May 15, 2017 3:00 AM, EDT

Shippers Seek Better Supply Chain Visibility; Real-Time Truck Monitoring Key Component

From left: Lower, Powell, Schrier, Greene/Transplace

This story appears in the May 15 print edition of Transport Topics.

AUSTIN, Texas — Improving real-time supply chain visibility remains a top priority in shipper surveys, several executives said during a meeting here at the Transplace Shipper Symposium.

“It’s obvious that shippers are demanding a more granular level of visibility to their shipments when in transit,” John Lower, director of strategic carrier management at Transplace, said at the symposium last week. “We’re certainly seeing that in our business as well.”

Lower said that some shippers still are using long-term “somewhat reactive” technologies that “tell you where the truck might have been two, three or four hours ago.”

“Predictive” automated solutions will tell shippers and carriers where a truck is in real time and provide accurate arrival and departure information, Lower said May 9.

Gary Powell, logistics service manager of North America for Colgate-Palmolive, said his company in the past has had some discrepancies on data integration with different systems and different third parties, and that the company still has work to do before perfecting its real-time visibility systems.

Powell said that without the ability to communicate about their shipments in real time, shippers can be required to call a carrier, wait for an answer, assess if the information is accurate and then relay the answer, a process that can take hours.

“That’s not acceptable to a lot of our customers,” Powell added. “A lot of our focus this year is to do full integration of information so we can see from a control tower the nature of our business.”

Real-time visibility permits shippers to reduce the number of phone calls and e-mails to customers, he said. “Truly, what’s most important is, where’s my truck?” Powell said. “It’s cool to say I know where your truck is.”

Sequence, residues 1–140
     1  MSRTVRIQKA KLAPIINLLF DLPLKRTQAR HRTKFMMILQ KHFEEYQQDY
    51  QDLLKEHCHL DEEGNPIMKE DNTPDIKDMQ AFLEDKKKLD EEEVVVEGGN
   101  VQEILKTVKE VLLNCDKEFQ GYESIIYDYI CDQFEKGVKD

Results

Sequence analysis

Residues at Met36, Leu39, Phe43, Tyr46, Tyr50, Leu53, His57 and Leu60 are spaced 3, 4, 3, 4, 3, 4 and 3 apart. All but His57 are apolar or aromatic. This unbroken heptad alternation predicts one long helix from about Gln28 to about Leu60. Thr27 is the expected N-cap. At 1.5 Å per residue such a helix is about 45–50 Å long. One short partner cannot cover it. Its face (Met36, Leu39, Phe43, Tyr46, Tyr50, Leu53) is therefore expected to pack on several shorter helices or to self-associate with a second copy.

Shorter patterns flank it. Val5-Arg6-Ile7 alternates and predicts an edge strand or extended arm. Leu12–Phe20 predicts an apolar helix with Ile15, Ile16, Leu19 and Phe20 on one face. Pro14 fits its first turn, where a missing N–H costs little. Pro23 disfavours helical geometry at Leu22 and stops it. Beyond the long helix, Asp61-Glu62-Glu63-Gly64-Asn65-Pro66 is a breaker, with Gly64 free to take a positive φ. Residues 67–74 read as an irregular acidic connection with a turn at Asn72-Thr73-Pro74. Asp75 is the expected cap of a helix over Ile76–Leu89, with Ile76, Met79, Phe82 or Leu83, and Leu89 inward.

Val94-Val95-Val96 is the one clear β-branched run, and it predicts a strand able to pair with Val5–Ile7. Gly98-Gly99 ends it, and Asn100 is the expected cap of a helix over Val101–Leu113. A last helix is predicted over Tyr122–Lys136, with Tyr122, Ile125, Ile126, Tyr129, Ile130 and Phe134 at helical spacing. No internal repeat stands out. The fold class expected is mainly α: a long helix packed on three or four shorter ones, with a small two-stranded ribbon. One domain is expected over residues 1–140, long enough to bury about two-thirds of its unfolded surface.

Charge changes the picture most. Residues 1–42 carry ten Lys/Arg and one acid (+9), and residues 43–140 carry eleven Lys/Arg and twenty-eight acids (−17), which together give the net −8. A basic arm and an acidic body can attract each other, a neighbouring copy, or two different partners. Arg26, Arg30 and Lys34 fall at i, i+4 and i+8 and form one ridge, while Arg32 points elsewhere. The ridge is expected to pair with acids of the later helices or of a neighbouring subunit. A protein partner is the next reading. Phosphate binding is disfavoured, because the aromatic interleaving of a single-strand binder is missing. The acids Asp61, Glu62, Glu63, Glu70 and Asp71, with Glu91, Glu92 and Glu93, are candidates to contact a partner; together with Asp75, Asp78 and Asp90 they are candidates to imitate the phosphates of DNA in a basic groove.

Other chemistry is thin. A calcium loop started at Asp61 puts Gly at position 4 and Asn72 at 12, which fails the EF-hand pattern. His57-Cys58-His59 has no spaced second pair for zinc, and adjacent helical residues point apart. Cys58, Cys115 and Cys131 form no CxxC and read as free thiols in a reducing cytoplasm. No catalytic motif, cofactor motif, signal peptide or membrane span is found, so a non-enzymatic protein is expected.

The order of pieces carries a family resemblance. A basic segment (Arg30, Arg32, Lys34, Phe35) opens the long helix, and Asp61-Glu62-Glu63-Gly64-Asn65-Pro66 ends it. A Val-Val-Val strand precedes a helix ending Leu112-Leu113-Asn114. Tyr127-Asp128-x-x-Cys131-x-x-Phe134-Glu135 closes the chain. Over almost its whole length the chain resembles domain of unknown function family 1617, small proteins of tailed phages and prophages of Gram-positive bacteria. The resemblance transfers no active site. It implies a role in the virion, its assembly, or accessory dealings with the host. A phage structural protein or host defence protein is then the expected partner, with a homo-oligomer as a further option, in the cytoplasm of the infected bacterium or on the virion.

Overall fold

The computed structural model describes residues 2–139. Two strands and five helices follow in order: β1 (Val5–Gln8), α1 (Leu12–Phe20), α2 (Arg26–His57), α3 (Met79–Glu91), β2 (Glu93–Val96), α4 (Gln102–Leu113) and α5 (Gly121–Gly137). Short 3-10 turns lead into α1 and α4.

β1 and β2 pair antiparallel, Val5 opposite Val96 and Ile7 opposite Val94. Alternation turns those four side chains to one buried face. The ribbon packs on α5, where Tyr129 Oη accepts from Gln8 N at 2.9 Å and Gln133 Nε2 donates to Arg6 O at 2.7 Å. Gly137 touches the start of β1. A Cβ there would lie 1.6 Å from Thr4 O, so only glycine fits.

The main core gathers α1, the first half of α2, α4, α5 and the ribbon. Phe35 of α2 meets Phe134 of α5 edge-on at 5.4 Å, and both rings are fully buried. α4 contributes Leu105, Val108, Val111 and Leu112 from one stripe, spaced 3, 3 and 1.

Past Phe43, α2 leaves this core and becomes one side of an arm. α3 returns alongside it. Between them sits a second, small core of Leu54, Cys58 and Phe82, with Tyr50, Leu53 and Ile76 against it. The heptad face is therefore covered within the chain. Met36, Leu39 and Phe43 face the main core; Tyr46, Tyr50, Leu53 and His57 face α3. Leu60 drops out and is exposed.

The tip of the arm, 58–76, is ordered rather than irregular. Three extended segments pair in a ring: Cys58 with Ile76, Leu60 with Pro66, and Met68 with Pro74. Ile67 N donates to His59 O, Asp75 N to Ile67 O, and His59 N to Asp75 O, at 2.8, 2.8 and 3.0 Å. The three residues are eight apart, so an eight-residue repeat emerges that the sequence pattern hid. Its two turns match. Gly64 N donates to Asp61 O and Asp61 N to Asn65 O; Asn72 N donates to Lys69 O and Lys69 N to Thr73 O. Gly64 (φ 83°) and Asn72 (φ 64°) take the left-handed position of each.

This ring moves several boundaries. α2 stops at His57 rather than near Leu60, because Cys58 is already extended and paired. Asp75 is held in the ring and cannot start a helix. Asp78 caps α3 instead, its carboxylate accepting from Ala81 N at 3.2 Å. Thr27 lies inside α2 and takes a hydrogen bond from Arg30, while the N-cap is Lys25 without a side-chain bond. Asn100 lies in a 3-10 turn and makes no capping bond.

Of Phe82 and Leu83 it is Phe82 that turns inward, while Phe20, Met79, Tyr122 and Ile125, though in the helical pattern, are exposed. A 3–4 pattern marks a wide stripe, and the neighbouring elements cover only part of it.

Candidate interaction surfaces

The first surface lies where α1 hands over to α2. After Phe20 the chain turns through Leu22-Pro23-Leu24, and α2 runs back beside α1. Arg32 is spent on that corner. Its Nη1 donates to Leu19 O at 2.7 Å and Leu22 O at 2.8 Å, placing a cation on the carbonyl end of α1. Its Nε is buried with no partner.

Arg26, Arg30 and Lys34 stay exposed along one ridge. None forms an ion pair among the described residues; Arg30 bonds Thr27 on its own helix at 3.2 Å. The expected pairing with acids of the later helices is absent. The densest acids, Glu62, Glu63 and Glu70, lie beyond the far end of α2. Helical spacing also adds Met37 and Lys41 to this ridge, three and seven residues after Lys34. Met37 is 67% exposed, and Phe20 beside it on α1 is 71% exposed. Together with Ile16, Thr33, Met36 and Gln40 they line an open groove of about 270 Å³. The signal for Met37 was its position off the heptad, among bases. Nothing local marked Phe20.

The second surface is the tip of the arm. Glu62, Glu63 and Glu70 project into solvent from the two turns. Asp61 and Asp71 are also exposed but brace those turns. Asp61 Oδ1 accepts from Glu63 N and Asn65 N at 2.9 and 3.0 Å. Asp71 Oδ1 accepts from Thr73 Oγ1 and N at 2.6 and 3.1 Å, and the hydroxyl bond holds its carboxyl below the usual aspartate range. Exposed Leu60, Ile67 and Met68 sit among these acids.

He cautions that real-time visibility is not an “end all, be all” proposition. “It augments our capabil- ities, not replacing our existing tools. It’s helping us drive better answers.”

Powell added, “We still rely on our typical carrier status reports.”

Doug Schrier, a vice president at Covenant Transportation Group, said the carrier has spent the past 18 months developing real-time systems that offer predictive information on routes and weather that help their customers know if trucks are running on time.

Covenant also has developed real- time mobile apps to prevent drivers from wasting time looking for a specific trailer in large terminal yards.

“We can show a satellite image of every single yard that we go to that also shows a geofence and relays other key information,” Schrier said.

Covenant also keeps an interactive scorecard it delivers to drivers that shows how they are doing and allows the company to correct behavior that “is not perfect,” Schrier said.

But despite the value of real-time supply chain visibility, there are potential legal risks when shippers and carriers communicate with their drivers, said John Greene, a Dallas-based partner with law firm Scopelitis, Garvin, Light, Hanson & Feary.

“The legal implications of it are somewhat still to be determined,” Greene said. “This is a new technology and, just like drones and a lot of advances in the health care industry, that maybe the law hasn’t caught up with yet.”

Greene said one of biggest risks with real-time visibility is related to misclassification exposure. The more involved a shipper or carrier is in communication with drivers, the greater the risk of the Department of Labor or courts classifying contractor drivers as employees and plaintiffs’ attorneys holding a shipper or carrier liable for a crash.

“If a driver is involved in an accident, any plaintiff’s lawyer is going to go upstream as far as they can go,” Greene said, “and if a shipper euphemistically has just touched a driver, that creates the potential for liability.”